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The application of target trials with longitudinal targeted maximum likelihood estimation to assess the effect of alcohol consumption in adolescence on depressive symptoms in adulthood
Article [Author's Original]
Is part ofInternational journal of epidemiology ; vol. 44, no. 5, pp. 1537-1546.
Publisher(s)Oxford University Press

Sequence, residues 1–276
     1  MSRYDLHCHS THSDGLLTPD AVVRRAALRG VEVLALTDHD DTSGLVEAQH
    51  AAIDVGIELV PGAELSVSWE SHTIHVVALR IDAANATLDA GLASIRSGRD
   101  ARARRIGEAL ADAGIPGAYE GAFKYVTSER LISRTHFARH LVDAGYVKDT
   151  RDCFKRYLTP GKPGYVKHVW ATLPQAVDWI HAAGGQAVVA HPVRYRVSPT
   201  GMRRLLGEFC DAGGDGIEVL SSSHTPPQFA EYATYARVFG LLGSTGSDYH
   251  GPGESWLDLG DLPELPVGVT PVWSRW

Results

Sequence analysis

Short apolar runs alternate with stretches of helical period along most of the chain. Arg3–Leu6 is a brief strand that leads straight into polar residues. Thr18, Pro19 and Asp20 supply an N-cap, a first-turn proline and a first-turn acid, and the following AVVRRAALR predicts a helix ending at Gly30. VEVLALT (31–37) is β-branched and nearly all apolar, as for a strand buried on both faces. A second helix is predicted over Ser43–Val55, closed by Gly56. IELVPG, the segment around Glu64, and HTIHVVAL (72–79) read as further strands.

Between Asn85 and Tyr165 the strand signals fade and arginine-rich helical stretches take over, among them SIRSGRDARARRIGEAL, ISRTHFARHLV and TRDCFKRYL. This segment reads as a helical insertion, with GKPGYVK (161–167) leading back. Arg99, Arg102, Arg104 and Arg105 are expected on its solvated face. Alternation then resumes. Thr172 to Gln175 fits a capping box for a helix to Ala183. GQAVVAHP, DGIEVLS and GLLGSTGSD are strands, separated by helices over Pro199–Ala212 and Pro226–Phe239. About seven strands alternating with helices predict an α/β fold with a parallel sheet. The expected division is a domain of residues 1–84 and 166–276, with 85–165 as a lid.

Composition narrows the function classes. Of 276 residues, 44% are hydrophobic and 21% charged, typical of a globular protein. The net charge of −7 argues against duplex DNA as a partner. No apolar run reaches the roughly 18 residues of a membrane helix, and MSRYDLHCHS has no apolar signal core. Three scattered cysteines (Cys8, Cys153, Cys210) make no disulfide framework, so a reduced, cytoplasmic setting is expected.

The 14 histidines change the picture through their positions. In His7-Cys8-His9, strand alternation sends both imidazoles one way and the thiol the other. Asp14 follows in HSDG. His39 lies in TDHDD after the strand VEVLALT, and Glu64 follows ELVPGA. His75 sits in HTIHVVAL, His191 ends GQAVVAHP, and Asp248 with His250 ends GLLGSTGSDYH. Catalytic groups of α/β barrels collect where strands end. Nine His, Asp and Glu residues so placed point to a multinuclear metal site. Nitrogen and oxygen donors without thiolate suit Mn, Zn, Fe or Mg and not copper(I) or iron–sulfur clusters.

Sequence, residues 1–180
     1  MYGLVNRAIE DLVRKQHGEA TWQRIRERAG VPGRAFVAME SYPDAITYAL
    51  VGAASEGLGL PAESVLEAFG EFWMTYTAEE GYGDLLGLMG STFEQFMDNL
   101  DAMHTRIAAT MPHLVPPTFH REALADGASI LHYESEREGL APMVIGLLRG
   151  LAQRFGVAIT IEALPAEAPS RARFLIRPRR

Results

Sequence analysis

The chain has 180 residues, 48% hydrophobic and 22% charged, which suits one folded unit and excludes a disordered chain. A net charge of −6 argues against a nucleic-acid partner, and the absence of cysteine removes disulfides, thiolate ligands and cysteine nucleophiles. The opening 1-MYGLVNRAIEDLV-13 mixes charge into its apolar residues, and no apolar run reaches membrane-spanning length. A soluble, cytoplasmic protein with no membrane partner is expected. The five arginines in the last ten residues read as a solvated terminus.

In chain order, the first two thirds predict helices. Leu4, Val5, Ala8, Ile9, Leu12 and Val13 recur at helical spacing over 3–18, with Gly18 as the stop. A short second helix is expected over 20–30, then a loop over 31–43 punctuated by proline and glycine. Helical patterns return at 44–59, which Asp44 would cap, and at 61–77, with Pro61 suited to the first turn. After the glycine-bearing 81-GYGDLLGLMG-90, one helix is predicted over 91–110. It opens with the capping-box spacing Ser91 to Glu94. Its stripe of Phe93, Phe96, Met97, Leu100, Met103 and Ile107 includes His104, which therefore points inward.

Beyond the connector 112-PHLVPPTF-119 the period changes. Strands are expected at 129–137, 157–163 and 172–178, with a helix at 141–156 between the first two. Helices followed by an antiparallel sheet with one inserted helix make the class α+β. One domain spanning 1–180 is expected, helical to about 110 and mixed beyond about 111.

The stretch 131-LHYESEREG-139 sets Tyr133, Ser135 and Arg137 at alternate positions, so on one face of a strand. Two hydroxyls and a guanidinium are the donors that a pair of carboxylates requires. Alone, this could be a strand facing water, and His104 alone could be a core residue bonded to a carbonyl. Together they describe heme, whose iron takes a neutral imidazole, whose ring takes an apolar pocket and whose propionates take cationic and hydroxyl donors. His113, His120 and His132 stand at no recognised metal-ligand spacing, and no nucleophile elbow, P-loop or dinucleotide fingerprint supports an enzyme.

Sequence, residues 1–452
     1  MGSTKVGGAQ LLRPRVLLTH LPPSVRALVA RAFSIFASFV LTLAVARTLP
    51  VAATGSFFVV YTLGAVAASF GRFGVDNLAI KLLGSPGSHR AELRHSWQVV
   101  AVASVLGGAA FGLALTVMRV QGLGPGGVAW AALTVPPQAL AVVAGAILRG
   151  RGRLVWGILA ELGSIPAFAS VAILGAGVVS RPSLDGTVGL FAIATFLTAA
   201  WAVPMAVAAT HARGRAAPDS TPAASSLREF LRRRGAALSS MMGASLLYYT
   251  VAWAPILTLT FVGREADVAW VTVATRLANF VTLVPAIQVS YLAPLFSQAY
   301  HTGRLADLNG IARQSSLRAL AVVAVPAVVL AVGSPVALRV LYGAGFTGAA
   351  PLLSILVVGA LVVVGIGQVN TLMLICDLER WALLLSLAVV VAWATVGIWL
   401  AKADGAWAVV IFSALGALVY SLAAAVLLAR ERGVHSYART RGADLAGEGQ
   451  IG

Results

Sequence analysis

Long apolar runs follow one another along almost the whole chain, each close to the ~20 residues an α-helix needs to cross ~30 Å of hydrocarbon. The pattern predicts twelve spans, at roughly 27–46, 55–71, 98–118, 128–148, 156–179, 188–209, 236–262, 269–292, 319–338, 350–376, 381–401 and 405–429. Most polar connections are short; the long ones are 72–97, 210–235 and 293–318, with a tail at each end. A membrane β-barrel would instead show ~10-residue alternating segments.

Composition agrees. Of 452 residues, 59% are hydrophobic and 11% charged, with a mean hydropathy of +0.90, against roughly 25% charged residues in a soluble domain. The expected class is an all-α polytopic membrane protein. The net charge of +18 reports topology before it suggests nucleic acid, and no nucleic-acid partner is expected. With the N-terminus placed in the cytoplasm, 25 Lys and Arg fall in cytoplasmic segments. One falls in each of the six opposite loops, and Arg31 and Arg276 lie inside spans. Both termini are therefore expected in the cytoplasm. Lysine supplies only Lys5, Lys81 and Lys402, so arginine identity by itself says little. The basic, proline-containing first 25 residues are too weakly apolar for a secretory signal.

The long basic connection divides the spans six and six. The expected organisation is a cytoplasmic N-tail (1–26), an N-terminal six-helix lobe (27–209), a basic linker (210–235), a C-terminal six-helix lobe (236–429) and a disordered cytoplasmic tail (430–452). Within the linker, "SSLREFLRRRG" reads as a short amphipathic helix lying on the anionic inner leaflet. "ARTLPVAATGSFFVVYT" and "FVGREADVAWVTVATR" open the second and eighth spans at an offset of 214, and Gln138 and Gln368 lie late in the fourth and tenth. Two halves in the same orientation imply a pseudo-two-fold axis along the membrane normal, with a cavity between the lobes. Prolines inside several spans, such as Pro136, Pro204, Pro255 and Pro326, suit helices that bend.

Time-varying confounding is a common challenge for causal inference in observational studies with time-varying treatments, long follow-up periods, and participant dropout. Confounder adjustment using traditional approaches can also be limited by data sparsity, weight instability and computational issues. The Nicotine Dependence in Teens (NDIT) study is a prospective cohort study involving 24 data collection cycles to date, among 1,294 students recruited from 10 high schools in Montreal, Canada, including follow-up into adulthood. Our aim is to estimate associations between the timing of alcohol initiation and the cumulative duration of alcohol use on depression symptoms in adulthood. Based on the target trials framework, we define intention-to-treat and as-treated parameters in a marginal structural model with sex as a potential effect-modifier. We then use the observational data to emulate the trials. For estimation, we use pooled longitudinal target maximum likelihood estimation (LTMLE), a plug-in estimator with double robust and local efficiency properties. We describe strategies for dealing with high-dimensional potential drinking patterns and practical positivity violations due to a long follow-up time, including modifying the effect of interest by removing sparsely observed drinking patterns from the loss function and applying longitudinal modified treatment policies to represent the effect of discouraging drinking.